April 8th 2009
The Paradox of God Becoming Weak
“He came to Simon Peter, who said to him, ‘Lord, are you going to wash my feet?’ Jesus replied, ‘You do not realize now what I am doing, but later you will understand.’ ‘No,’ said Peter, ‘you shall never wash my feet.’”
John 13:6-8 (NIV)
On the night before his arrest, Jesus began to wash his disciples’ feet. But Peter was shocked at the idea of this, and refused to let Jesus wash his feet.
Peter must have been thinking that this kind of humility and servitude was not worthy of his Lord! Throughout the centuries since Jesus’ death and resurrection people have reacted the same way. We humans seem to prefer keeping God at arm’s length. Most of us seem to be more comfortable with God’s holiness and power than we are with his humanity and love. The God who suffers with those who suffer, who bends down to serve, whose strength is revealed in weakness, is usually not the kind of God people are looking for. Such vulnerability on the part of God is something that is both wonderfully liberating and terribly threatening.
It is threatening because it unmasks our own weakness and vulnerability. We’d rather act as though there is no lack, no need in our lives, no broken or dark places. So we try to hide our sins because we are threatened by the Judge image of God. But the crucified God shows us a God who is not a threat to us. In Jesus, God was stripped, beaten and bloodied so we could finally see how much God loves us, so that without fear we can come to him as we really are.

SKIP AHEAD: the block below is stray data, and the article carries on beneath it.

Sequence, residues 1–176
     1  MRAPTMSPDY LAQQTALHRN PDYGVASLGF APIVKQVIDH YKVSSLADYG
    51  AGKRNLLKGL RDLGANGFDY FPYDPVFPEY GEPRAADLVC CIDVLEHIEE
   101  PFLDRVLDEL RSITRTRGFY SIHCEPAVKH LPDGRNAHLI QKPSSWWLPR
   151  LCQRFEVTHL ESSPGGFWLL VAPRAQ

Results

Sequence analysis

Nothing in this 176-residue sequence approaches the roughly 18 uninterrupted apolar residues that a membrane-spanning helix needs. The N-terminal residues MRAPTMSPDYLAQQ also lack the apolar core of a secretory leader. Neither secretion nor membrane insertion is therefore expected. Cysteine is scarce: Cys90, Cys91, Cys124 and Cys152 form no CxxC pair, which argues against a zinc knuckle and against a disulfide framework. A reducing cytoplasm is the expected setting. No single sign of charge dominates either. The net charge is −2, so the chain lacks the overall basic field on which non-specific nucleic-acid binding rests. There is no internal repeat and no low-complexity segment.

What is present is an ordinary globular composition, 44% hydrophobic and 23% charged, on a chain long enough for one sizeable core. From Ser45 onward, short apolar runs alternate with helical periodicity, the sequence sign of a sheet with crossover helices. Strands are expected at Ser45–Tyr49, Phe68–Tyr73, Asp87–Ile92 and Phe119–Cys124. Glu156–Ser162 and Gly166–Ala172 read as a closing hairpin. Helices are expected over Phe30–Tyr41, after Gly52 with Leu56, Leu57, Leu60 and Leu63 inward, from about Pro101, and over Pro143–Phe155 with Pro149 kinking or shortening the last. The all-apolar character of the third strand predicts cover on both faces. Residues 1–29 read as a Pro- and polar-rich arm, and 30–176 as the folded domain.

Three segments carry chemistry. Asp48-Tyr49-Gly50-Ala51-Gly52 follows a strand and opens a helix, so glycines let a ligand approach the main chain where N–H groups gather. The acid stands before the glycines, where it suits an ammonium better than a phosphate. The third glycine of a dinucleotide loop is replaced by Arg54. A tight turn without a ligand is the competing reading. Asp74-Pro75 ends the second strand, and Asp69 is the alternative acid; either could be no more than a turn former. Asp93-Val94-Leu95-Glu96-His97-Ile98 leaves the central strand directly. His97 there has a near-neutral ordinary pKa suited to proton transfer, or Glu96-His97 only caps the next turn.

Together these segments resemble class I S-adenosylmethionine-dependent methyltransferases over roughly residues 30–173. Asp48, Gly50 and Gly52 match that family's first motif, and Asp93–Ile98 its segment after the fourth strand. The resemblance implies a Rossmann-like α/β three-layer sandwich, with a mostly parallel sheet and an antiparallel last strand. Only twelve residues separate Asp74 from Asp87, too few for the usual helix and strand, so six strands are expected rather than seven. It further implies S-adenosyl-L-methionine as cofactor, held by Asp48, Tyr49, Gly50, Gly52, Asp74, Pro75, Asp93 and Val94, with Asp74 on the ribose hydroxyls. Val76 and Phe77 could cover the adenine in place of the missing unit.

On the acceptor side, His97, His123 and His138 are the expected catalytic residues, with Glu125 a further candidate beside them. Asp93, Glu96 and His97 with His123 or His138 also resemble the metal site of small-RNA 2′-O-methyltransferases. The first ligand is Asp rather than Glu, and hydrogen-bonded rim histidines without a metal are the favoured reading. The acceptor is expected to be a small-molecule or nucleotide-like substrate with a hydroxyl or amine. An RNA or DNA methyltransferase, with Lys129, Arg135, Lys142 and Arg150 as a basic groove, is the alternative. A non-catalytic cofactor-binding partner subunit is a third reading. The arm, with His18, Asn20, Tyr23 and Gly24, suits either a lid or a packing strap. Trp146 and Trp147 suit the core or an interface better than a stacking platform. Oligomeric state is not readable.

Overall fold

Of course, Jesus, the crucified Lamb, is also the Judge of all things. And this is the heart of this wonderful paradox. God, who is perfect and all-powerful, does something so remarkable that it seems too good to be true. As our Judge, he abolished our sins and sets us free. He commutes the death sentence we had coming by taking the penalty upon Himself.
Look at how Jesus responded to Peter’s protest against Jesus’ washing his feet.
“Jesus answered, ‘Unless I wash you, you have no part with me.’ ‘Then, Lord,” Simon Peter replied, “not just my feet but my hands and my head as well!’” (John 13:8b, 9 NIV)
Jesus shares our humanity. Even though he is God, he is also human, one of us. By sharing in our broken human life he redeemed it, and now he wants us to share in his glorious resurrected life.
It does not matter how badly we’ve messed up our lives. Jesus has already taken care of that, and he is reaching out to us to draw us into the very heart of God. Isn’t it time you put your hand in his?
Father, thank you that, through your Son, you have set me free from my sins. Thank you that he shares our humanity and that he has made possible our redemption.
Study by Joseph Tkach